People from Donegal Prevented from Accessing Vital Mental Health Services

Pearse Doherty

Sinn Féin Finance Spokesperson Deputy Pearse Doherty has labelled as ‘unacceptable and wrong’ current HSE operational practices which prevent adults in Donegal from accessing the important psychology service, Dialectical Behaviour Therapy (DBT).

The therapy is a multi-disciplinary programme developed to provide key psychological supports to people who engage in self-harm and display suicidal behaviour, while also offering assistance to their families. However, following correspondence received by Deputy Doherty from the HSE, it’s been revealed that the service is not available to adult patients in Donegal due to a shortage of psychologists.

Deputy Doherty said:

“Last month I wrote to the HSE concerning the provision of Dialectical Behaviour Therapy, or DBT as it is commonly known, in Donegal as I had become concerned over reports I had received from patients in the county that they and their families were unable to receive the treatment.

“Following correspondence which I’ve since received from the HSE in relation to mental health services in Donegal, management locally has confirmed that adults in this county are unable to receive DBT psychology services which are available in other parts of this state.

“This clarification is yet another example of just how inadequate mental health services are in this county and the discrimination which some of the most vulnerable people in the Northwest experience in terms of mental health service provision is nothing short of disgraceful.

“Dialectical Behaviour Therapy is a psychology led multi-disciplinary programme which usually lasts over a 16 week period and is delivered by the Child and Family Mental Health Service.

“The programme is seen as a key part of treatment for people living with these conditions, and while this therapy is available for adolescents between the ages of 12 and 18 years of age who practice self-harm, who suffer from emotional dysregulation or who have suicidal ideation or thoughts, adults in Donegal are prevented from accessing it.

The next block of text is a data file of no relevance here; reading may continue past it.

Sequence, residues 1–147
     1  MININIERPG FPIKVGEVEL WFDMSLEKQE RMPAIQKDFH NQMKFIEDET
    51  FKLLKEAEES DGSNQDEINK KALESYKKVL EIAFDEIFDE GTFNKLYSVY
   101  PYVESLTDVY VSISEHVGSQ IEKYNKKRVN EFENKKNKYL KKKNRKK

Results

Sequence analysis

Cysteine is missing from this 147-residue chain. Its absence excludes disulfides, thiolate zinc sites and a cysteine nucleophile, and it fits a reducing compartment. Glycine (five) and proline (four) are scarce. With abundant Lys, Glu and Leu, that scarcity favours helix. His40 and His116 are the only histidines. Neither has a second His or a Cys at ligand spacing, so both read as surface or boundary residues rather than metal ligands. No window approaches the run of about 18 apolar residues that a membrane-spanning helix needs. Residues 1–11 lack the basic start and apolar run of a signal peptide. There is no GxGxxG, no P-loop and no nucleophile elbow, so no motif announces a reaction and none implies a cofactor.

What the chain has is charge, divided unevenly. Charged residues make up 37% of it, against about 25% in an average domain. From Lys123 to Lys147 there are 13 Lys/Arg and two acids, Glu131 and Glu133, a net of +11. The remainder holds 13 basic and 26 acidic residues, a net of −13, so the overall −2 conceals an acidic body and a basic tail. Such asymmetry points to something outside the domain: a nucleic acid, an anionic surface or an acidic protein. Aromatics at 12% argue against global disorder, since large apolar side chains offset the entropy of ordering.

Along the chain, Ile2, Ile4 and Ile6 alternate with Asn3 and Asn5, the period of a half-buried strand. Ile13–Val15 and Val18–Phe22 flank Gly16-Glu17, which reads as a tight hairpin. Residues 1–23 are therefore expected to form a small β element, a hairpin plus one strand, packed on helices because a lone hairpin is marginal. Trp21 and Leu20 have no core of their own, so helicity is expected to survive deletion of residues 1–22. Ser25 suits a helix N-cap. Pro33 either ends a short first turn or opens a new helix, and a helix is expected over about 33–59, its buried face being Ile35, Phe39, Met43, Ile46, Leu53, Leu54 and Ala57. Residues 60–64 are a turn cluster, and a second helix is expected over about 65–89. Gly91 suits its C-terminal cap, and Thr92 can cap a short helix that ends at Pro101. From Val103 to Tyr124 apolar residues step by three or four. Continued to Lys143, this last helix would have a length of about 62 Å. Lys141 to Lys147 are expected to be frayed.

“The service also provides additional supports to the families of those who are undergoing the therapy which consists of weekly sessions and out-of-hours phone coaching.

“Despite the evidence to suggest the benefit which this cognitive behavioural treatment may yield for patients and their loved ones, there is currently no mechanism in place which allows for adult service users in Donegal to be referred on to receive DBT treatment outside the county.

“While not ideal, as an interim measure it is now crucial that a service level agreement be drawn up immediately to allow for patients in Donegal to avail of DBT treatment in other areas until such time as the recruitment of additional psychologists takes place to enable services to operate here locally.

“Depriving vulnerable people of vital services is simply unacceptable and totally wrong, and I intend to raise this gap in our mental health services with the Minister and with his successor whoever he or she may be in the weeks ahead.”